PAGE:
Vocology is the science and practice of vocal habilitation. Its concerns include the nature of speech and language pathology, the defects of the vocal tract (laryngology), the remediation of speech therapy and the voice training and voice pedagogy of song and speech for actors and public speakers.
In its broadest sense, vocology is the study of voice, but as a professional discipline it has a narrower focus: the science and practice of voice habilitation, which includes evaluation, diagnosis, and intervention. It is not yet its own professional degree thus only assist superficially to the voice medicine team. Usually a person practicing vocology is a voice coach with additional training in the voice medical arts, or a speech pathologist with additional voice performance training—so they can better treat the professional voice user.
The study of vocology is recognized academically in taught courses and institutes such as the National Center for Voice and Speech, Westminster Choir College at Rider University, The Grabscheid Voice Center at Mount Sinai Medical Center, the Vox Humana Laboratory at St. Luke's-Roosevelt Hospital Center and the Regional Center for Voice and Swallowing, at Milan's Azienda Ospedaliera Fatebenefratelli e Oftalmico, and recently at the University of Illinois at Urbana-Champaign. The National Center for Voice and Speech and the University of Iowa offer a 8 week intensive course (9 graduate level university credits) and a Certificate in Vocology.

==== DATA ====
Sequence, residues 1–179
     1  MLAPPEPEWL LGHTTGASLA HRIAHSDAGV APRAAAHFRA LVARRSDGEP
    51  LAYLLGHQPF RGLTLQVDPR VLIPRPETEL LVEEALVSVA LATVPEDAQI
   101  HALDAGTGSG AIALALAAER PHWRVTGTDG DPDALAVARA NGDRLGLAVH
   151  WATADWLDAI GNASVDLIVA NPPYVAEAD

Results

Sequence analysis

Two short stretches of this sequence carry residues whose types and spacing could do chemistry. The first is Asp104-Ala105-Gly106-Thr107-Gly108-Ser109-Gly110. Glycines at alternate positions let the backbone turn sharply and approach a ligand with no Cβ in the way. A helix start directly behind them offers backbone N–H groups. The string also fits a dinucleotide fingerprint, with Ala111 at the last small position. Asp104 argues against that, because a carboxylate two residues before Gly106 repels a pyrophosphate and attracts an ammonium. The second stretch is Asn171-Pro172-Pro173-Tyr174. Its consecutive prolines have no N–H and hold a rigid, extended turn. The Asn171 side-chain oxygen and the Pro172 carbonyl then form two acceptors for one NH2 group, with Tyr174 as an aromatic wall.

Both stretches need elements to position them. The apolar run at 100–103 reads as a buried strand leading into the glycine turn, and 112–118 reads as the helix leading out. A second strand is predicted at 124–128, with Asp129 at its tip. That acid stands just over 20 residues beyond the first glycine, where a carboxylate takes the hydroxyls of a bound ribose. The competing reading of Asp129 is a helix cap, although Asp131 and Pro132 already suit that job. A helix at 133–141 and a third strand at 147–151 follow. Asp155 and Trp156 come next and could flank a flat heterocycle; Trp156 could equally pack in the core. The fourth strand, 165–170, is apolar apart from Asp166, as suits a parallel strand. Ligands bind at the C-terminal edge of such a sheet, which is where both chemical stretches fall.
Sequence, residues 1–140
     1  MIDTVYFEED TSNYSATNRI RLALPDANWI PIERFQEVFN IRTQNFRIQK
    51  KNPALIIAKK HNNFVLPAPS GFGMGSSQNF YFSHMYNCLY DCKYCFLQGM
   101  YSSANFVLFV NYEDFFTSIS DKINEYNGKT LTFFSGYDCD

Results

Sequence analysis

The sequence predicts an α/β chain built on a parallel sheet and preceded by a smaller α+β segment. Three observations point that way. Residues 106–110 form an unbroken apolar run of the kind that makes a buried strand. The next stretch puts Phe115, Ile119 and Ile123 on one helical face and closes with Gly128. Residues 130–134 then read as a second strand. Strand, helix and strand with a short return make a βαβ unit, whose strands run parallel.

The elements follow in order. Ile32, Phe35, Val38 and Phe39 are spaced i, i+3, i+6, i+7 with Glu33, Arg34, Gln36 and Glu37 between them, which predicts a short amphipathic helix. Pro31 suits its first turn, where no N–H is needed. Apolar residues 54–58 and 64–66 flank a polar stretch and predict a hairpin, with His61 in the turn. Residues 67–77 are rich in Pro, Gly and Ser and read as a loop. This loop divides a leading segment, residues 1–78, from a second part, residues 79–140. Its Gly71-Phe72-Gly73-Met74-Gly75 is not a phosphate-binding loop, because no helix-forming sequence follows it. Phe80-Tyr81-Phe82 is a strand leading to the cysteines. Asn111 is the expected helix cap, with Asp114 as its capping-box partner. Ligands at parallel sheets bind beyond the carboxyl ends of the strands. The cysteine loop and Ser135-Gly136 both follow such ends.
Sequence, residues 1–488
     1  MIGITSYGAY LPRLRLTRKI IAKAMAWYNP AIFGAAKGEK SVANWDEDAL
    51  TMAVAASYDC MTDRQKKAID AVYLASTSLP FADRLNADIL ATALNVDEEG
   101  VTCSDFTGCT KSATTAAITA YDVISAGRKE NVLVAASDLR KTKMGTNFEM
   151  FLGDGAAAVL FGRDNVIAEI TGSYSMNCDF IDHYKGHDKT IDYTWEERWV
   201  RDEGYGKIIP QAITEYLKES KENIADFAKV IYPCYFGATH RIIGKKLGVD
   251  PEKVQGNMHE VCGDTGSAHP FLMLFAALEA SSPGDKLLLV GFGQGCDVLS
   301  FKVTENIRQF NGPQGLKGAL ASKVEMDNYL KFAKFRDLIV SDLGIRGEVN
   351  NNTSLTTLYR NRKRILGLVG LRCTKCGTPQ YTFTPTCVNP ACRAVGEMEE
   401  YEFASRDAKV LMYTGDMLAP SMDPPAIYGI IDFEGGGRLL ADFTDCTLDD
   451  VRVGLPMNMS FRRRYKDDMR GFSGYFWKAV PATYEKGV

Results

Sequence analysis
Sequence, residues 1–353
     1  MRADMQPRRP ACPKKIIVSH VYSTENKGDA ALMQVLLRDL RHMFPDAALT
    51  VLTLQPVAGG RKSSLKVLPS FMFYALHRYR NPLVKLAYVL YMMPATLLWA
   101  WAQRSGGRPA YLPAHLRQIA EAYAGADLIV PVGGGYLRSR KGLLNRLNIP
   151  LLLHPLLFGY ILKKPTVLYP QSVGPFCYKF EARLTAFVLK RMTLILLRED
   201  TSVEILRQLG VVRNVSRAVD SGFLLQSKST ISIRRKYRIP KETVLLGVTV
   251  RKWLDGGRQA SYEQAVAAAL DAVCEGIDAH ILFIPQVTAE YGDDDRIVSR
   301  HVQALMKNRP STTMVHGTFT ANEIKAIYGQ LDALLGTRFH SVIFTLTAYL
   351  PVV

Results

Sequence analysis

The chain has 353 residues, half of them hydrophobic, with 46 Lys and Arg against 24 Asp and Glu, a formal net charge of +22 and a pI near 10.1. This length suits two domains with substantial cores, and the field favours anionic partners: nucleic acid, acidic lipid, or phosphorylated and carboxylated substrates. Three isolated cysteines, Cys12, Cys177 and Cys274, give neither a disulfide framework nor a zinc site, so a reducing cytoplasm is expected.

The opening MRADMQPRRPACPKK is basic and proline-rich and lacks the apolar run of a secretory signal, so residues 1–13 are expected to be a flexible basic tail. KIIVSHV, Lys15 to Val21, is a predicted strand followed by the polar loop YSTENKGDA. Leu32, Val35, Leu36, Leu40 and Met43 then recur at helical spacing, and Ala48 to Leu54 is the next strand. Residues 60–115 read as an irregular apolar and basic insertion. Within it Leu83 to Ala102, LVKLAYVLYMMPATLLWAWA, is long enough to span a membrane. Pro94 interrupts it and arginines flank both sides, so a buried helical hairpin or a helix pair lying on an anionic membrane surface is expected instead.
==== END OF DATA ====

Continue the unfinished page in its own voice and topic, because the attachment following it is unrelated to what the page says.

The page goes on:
Also reflecting this increased recognition is that when the Scandinavian Journal of Logopedics & Phoniatrics and Voice merged in 1996 the new name selected was Logopedics, Phoniatrics, Vocology.
Vocology was invented (simultaneously, but independently) by Ingo Titze, and an otolaryngologist at Washington University, Prof. George Gates. Titze defines Vocology as "the science and practice of voice habilitation, with a strong emphasis on habilitation". To habilitate means to “enable”, to “equip for”, to “capacitate”; in other words, to assist in performing whatever function that needs to be performed". He goes on that this "is more than repairing a voice or bringing it back to a former state ... rather, it is the process of strengthening and equipping the voice to meet very specific and special demands".
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